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Partial S olar Eclipse on June 10th 2021

If you wish to travel (pandemic permitting!) to see the Total Solar Eclipse and Annular Solar Eclipse check out this impressive website: http://www.mreclipse.com for details on lunar and solar eclipses.

For some parts of the far north there will be an annular eclipse but for the UK, Ireland and northern Europe, we shall have a Partial Solar Eclipse. The further north you are then the more of the sun will be covered by the moon (which technically is at ‘new’ that morning.

The chart above is set for the UK with three locations from Lerwick in the Shetland Isles, the authors home town of Horncastle and finally Plymouth in the SW. Times do vary so make sure you allow plenty of leeway for viewing the event and do so carefully with the appropriate safe solar filters. The chart above shows the approximate point of mid eclipse and maximum amount of the sun covered for those locations. The table below gives the main timings for the three locations mentioned.

Observe the Sun SAFELY!

The safest way to observe the Sun is to project the image either with a pinhole in a piece of card onto a second white card or by carefully using a small telescope to direct the Sun’s light onto the white card (as shown above). Never look straight at the sun using any optical equipment or the naked eye without proper certified solar filters as permanent eye damage can occur. I find that to centre the Sun safely all you have to do is roughly line up the telescope in the direction of the Sun then use the shadow of the telescope as a guide. If it’s in line with the Sun then all you should have is a dark shadow disk of the telescope with a bright image in the centre. Make sure that you have the finderscope covered with its caps on to prevent you accidentally viewing the bright Sun and only uncap the main telescope when you are ready to observe. Ensure that children are not left unsupervised near any equipment - you know how curious they can be!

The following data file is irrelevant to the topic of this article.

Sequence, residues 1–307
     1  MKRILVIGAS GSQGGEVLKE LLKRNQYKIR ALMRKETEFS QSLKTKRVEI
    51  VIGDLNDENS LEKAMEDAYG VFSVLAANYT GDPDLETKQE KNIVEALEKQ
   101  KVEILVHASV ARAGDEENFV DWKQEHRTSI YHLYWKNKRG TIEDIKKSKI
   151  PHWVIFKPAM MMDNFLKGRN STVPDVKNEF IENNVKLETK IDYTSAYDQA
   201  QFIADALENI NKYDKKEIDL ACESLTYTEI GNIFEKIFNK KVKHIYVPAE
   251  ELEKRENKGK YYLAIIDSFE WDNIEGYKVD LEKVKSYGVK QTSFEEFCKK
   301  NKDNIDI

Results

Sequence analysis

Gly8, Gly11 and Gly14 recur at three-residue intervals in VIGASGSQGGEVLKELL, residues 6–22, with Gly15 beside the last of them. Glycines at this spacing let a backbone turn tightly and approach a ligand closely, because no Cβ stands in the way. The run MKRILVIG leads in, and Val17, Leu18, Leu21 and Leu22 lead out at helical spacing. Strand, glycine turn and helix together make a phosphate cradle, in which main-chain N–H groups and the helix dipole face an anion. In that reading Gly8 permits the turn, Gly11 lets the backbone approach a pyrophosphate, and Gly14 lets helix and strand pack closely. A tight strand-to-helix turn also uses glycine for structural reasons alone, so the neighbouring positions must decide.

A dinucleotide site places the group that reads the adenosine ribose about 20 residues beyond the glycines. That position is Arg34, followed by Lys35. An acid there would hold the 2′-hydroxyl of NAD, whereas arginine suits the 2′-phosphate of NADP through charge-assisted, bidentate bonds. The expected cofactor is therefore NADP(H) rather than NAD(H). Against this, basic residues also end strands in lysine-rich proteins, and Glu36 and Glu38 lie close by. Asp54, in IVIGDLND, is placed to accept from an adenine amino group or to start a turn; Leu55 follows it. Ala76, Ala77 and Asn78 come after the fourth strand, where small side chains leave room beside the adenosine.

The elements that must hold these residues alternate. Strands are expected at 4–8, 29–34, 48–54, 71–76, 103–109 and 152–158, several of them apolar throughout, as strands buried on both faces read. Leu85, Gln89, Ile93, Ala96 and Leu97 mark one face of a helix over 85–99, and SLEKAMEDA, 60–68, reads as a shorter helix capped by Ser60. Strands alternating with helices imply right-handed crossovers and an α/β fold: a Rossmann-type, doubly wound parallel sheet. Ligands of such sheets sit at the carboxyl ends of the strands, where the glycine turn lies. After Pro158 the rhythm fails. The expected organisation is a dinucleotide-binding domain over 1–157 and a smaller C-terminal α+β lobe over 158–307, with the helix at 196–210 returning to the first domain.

Special Eclipse glasses can also be bought and used but ONLY for the eyes, they must never be placed in front of a binocular,  telescope or camera gear as they are not designed for that purpose.

Binoculars can also be used to produce a reasonably sized image but you MUST block off the half of the binocular not in use as it produces a second image which may overlap with the image you are using, also because someone may try to look up at the Sun directly and of course that could seriously damage their eye even to the point of causing blindness.

The Sun’s surface has some obvious and subtle things to look for during the eclipse as well as at other times if you wish to observe it. The most obvious is the dark SUNSPOTS (right) which are great magnetic storms on the surface which cool that area down making them appear darker.  Sometimes either surrounding or even preceding the formation of a spot complex there seems to be a lighter patch on the solar surface and this is the Faculae. Look around the slightly darker solar limb for these in particular.